This afternoon I listened to the first lecture in Steve Lawson’s teaching series on the attributes of God. I recommend it. (Ligonier Ministries is offering the first lecture free, but the others must be purchased.)
If God has love, compassion, and wrath, how can we say he is “without passions”? It’s because
[p]assion as passion is an undergoing, a “happening to,” so to speak. Emotional experience brings to its subject a new state of actuality that was not previously present. For example, the one who falls in love is said to experience love as a passion because a new affective state of love comes to exist in the subject where previously it did not. Some movement and alteration has taken place in the human lover.
“Passion” then, tells us about “the manner in which affections come upon creatures.” God, however,
does not undergo intrinsic change, yet he is truly loving, compassionate, angry at sin, and so forth. The perfection indicated by each of these terms is real in God. But this reality did not come into his possession by way of passion, that is, by way of unfolding emotive experiences to which he submits himself.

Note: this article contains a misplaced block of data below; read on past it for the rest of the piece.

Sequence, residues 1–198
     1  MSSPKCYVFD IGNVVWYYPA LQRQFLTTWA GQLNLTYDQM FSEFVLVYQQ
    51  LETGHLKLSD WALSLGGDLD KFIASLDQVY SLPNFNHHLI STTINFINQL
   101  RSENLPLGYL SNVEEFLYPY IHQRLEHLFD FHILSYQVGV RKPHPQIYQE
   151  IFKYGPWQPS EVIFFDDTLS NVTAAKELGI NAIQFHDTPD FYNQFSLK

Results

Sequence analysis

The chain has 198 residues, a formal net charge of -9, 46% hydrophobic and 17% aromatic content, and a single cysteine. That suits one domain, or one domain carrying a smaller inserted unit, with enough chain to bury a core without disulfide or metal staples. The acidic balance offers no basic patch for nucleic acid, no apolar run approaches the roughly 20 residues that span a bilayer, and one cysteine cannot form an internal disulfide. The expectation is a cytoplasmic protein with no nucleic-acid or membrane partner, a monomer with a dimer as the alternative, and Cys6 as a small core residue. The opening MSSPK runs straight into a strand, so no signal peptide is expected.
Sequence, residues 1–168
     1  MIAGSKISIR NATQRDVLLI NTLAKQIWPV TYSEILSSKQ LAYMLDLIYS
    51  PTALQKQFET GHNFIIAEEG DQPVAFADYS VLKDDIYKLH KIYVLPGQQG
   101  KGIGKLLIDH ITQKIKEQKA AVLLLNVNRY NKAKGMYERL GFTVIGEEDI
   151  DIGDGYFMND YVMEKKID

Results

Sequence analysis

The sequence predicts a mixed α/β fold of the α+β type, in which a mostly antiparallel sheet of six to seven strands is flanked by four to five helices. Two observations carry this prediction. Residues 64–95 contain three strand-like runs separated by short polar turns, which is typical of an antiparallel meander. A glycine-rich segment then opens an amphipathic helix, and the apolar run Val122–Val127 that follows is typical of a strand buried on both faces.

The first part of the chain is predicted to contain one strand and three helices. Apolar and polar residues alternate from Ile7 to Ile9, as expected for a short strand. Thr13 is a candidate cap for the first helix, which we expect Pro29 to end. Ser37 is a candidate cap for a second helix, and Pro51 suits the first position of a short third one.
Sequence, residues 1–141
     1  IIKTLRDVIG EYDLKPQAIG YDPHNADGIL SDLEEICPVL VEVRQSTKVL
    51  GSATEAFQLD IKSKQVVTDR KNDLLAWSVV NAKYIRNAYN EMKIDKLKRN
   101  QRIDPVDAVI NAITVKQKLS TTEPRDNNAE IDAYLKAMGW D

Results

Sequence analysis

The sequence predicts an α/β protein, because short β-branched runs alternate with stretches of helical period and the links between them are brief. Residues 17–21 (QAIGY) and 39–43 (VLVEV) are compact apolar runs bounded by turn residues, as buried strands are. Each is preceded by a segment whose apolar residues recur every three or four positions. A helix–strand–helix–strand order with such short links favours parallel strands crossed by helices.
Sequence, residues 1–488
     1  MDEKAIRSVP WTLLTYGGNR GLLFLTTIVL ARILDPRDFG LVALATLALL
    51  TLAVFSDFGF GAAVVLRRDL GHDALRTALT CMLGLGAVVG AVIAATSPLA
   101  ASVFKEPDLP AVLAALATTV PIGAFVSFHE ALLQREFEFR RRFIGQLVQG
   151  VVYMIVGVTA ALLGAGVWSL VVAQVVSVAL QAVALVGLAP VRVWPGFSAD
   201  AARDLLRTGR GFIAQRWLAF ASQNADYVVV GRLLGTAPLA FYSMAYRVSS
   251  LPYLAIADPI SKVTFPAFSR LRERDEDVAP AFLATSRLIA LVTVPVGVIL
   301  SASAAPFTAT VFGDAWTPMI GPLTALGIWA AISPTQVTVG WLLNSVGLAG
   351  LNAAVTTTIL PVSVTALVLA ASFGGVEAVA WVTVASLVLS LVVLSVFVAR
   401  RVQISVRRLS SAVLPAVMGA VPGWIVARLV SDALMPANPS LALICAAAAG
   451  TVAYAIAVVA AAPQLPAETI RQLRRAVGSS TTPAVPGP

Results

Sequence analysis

Read the whole piece, which is a sample of an article by Dr. James E. Dolezal in Journal of the Institute of Reformed Baptist Studies. It’s one of the clearest explanations of impassibility that I’ve read.
Transcendence and Immanence
Justin Taylor uses a chart to illustrate the biblical definitions of these attributes.